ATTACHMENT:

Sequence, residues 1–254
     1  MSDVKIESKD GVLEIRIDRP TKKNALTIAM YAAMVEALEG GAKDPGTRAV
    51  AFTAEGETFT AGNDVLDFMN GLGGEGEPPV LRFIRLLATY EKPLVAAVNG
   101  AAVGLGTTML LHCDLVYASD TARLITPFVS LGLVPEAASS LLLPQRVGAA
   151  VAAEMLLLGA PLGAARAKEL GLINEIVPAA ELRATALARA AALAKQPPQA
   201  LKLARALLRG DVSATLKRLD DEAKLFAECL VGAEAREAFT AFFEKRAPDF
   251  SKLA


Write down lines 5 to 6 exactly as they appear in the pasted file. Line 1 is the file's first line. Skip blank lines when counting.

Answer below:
   151  VAAEMLLLGA PLGAARAKEL GLINEIVPAA ELRATALARA AALAKQPPQA
   201  LKLARALLRG DVSATLKRLD DEAKLFAECL VGAEAREAFT AFFEKRAPDF